Getting lost in the desert is not as likely as you see in some movies, but never be too sure. If it were to ever happen, it could be one of the scariest situations you have ever been in. It is important to know how to survive in the desert! The emptiness and extreme conditions of a desert environment can be really daunting even for the bravest people. It is very important to know how you might be able to survive in the desert and make your way back to civilization.
It is very likely to have your car break down in the middle of the desert. Extreme heat can cause your car to overheat and breakdown. Another plausible emergency situation wherein you land up lost in the desert is when you go for a hike to the desert and lose your way. Throughout this guide, we will tell you the dos and don’ts that you must keep in mind in case you find yourself deserted – literally!
Why Is It Hard to Survive in the Desert?
Before you learn the dos and don’ts, you first need to know what makes survival in the desert so difficult. Two of the main reasons why deserts are among the harshest environments to be in are:
- Deserts are extremely dry and finding water becomes exceeding difficult. Humans require a lot of water to survive and the deserts are unable to fulfill that requirement properly. Let alone humans, most animals and plants cannot even survive in the desert, therefore making the chances of human survival even more difficult.
- Desert environments have extreme temperatures. Be ready to face extremely hot days and extremely cold nights, if you are stuck in the middle of the desert. The risk of both hypothermia and hyperthermia is very high.
Prerequisites for A Desert Survival Situation
Before thinking about what to do if you’re lost in the desert, you first need to learn what you need to do even before stepping into the desert. Following there prerequisites will automatically increase your chances of survival in a dire situation. They are as follows:
1. Protection From Direct Sunlight With Appropriate Clothes
What are the sources of water loss in your body? Urination and perspiration. Even without thinking about being in a desert survival situation, one should always come prepared. It is recommended to wear lightweight clothes that are also loose. This allows your sweat to stick to your skin, slowing down the process of water evaporation.
Other than that, you should focus on covering as much skin as possible. You should try wearing gloves, hats, sunglasses and other accessories that may protect you or areas of your body from being directly exposed to sunlight.
Also important, is the color of your clothing. Dark colored clothing will absorb sunlight more than light colored clothing. Light shade clothes are known to reflect sunlight better than dark clothes. At the same time, dark shaded clothes provide us extra protection against the harmful UV rays of the sun. Therefore it is recommended to buy light shaded clothes that have a ultraviolet protection factor of 30+.
While light weight clothes are recommended for the day times, you should always pack warm clothes for nights because at nights the temperature drops really low. It is definitely recommended to carry an emergency blanket to shelter yourself from the cold and harsh environment at night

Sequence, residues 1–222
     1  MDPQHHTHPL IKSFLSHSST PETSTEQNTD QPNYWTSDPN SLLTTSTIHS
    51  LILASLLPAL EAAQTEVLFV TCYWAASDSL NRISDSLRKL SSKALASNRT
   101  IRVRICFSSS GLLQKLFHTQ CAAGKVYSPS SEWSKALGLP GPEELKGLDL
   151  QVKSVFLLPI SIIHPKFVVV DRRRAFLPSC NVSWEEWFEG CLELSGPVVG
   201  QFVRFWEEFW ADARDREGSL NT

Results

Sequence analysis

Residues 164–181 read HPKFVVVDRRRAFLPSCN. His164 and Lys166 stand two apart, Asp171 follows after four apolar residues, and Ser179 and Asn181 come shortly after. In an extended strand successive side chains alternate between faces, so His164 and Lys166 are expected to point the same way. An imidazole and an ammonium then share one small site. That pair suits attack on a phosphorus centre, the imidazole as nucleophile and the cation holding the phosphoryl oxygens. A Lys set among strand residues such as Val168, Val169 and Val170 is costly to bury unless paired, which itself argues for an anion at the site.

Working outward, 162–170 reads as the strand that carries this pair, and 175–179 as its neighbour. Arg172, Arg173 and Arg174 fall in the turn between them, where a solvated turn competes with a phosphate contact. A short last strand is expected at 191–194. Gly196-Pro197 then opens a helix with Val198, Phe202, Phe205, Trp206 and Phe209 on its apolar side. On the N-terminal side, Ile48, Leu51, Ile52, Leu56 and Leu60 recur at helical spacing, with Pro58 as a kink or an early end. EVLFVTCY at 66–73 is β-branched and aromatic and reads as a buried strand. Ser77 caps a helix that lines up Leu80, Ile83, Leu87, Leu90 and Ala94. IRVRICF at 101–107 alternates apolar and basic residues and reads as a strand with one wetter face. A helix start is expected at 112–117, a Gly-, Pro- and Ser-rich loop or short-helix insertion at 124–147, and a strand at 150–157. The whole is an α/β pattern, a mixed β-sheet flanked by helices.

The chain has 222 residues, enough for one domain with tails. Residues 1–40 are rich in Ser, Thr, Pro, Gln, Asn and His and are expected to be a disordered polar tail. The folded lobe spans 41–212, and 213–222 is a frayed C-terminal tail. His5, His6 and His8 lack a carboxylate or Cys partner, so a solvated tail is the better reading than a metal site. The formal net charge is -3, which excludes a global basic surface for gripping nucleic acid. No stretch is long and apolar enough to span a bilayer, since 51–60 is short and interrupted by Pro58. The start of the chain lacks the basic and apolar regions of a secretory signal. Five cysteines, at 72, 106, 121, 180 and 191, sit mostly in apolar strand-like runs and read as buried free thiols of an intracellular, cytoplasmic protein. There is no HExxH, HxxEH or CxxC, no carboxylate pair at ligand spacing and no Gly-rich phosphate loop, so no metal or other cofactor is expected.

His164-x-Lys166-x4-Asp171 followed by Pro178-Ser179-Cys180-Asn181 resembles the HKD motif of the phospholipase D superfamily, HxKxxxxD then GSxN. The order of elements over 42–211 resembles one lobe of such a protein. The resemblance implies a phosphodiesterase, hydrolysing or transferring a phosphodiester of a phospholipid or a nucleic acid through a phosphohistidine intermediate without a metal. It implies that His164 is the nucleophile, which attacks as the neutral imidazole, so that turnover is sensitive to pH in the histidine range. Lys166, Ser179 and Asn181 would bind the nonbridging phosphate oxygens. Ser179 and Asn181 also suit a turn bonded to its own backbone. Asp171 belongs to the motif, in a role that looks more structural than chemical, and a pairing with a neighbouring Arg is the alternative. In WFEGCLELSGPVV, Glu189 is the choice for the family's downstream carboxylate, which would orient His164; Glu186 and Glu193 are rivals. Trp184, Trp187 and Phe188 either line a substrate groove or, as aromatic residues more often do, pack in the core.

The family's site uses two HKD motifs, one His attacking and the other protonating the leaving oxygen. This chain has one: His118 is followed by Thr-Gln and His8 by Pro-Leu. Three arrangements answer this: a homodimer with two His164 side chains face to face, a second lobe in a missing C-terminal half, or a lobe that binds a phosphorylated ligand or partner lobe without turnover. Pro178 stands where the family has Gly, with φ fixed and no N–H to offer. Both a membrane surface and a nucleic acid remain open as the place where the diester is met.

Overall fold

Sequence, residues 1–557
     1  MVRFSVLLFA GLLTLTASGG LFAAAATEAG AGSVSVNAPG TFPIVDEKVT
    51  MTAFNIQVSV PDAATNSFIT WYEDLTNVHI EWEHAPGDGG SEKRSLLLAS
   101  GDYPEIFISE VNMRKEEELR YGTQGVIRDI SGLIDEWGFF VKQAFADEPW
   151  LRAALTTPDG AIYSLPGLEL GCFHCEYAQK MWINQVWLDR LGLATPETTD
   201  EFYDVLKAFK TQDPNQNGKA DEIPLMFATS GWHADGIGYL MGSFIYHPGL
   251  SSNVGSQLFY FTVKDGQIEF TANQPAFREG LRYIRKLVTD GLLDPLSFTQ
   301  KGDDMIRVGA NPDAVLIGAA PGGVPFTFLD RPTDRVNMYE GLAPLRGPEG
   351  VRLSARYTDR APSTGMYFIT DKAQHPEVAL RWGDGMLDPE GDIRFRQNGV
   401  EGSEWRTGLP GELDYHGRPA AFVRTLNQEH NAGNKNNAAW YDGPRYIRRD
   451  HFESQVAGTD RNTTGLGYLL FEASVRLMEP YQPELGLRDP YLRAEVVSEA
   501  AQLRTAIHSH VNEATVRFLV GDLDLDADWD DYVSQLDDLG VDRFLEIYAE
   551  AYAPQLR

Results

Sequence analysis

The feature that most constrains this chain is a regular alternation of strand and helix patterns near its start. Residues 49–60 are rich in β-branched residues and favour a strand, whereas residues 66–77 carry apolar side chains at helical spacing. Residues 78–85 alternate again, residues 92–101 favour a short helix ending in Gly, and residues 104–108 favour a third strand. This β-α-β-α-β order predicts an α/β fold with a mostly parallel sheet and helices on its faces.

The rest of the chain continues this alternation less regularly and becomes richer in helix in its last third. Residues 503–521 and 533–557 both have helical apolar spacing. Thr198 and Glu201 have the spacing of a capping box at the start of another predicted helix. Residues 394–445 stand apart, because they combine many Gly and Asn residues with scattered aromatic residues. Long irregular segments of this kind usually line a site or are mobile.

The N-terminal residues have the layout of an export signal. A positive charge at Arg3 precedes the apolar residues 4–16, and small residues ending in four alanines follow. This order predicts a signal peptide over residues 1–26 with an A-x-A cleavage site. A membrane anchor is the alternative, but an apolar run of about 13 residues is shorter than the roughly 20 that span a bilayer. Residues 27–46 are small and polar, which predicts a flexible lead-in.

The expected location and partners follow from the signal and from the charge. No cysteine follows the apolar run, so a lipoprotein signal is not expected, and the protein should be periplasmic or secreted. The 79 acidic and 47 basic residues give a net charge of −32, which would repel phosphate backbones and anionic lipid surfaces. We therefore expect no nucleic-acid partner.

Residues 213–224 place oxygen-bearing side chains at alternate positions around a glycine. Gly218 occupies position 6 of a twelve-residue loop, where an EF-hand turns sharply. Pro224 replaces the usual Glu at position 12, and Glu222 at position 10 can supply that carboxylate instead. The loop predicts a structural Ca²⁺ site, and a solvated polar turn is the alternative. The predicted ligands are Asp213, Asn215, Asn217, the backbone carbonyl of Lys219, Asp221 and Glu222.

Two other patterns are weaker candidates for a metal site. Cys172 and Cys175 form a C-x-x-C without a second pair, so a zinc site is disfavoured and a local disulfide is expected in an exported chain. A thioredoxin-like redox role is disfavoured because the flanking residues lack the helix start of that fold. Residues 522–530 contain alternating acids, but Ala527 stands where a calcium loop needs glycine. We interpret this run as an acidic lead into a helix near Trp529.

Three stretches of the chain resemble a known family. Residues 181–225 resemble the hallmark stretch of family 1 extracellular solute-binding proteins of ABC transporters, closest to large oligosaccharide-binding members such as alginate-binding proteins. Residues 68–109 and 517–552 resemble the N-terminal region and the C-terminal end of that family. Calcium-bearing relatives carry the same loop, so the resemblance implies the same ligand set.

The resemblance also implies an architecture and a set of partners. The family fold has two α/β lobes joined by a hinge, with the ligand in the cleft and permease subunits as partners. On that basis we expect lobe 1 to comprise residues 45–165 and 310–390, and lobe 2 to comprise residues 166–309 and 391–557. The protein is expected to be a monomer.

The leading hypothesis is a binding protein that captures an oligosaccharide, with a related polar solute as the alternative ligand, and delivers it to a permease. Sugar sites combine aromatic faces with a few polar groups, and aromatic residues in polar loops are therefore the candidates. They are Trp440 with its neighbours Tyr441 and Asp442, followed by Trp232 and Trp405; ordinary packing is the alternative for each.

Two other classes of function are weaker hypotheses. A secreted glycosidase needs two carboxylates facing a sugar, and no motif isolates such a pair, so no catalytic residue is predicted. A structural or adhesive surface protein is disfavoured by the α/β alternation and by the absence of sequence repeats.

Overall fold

2. Protection From Dust and Wind
Dust storms are a common phenomenon in desert areas. Even if not at a stormy level, high speed winds can cause dust and sand to fly around. This can be a massive obstruction when trying to walk through the desert. Vision gets obstructed, your skin and lips can get chapped and sand can find its way into your nose and ears.
It is recommended to cover up your face as much as possible, leaving just enough area for your eyes to see around. Use ski goggles or sunglasses to protect your eyes from the flying sand.
3. Carry Lots of Water
It is the best to carry lots of extra water when you’re venturing out into the dry and hot terrains of a desert. The average human loses 900 ml of sweat every hour, while walking in temperatures close to 40ºC. So you can imagine how much drinking water supply will be needed under normal circumstances, let alone in an emergency situation.
4. Carry Nutrient Rich Food
While carrying chocolates, chips and sodas might be a great thing for normal circumstances, you must always assume the risk of things going wrong. It is recommended to pack small foods that carry high nutrient value. This way you can carry more and have your food last longer. Items such as energy bars, trail mix, dry fruits etc. are recommended.
5. Always Carry a Survival Kit
Whenever venturing outdoors, be it to the mountains, snowy cliffs, on the waters or the desert, always carry survival kits. A survival pack consists of items that may come in handy in an unforeseen event. Most survival gear includes:
- Emergency blankets
- First aid kit
- Fire starters
- Powerful flashlight or headlamp
- Pocket Knife
- Signal Mirror
- Compass and Map
- Goggles or a dust mask
- Water purification tablets or filtration system
You can read more about survival items in our basic survival skills guide.
6. Learn the Terrain/Area
Last but definitely not the least, you should learn all about the terrain and area you are venturing into. Potential spots for shelter and rest, potential water spots, areas of civilization should all be learnt and market on a map in case you are lost in the desert. Always carry a compass and a map.
How to Survive in the Desert if You’re Lost?
We have already discussed how you can make easy work of your desert expedition, but what to do if you are lost in the desert or if your car breaks down? We have the perfect guide for your survival needs. Let us take a look!
1. Don’t Panic and Think Calmly
Panicking in a panicky situation is your worst enemy. As much as an oxymoron that is, it is true. Humans lose their ability to think rationally the moment panic sets in. Going on a wild goose chase will probably cost you your life in such a situation. Calmly consider all your possible options under such a situation and formulate a plan. Also, brew coffee for yourself if you have a portable coffee maker!
2. Decide If You Should Move or Stay Put
It is essential to know whether moving from your position will be better for you or will staying put increase your chances of being rescued. Moving around will need you to spend your energy and will probably increase your chances of being dehydrated. In case you decide to stay put, you should only spend your energy on gathering essential items for your survival viz. food, water and shelter items.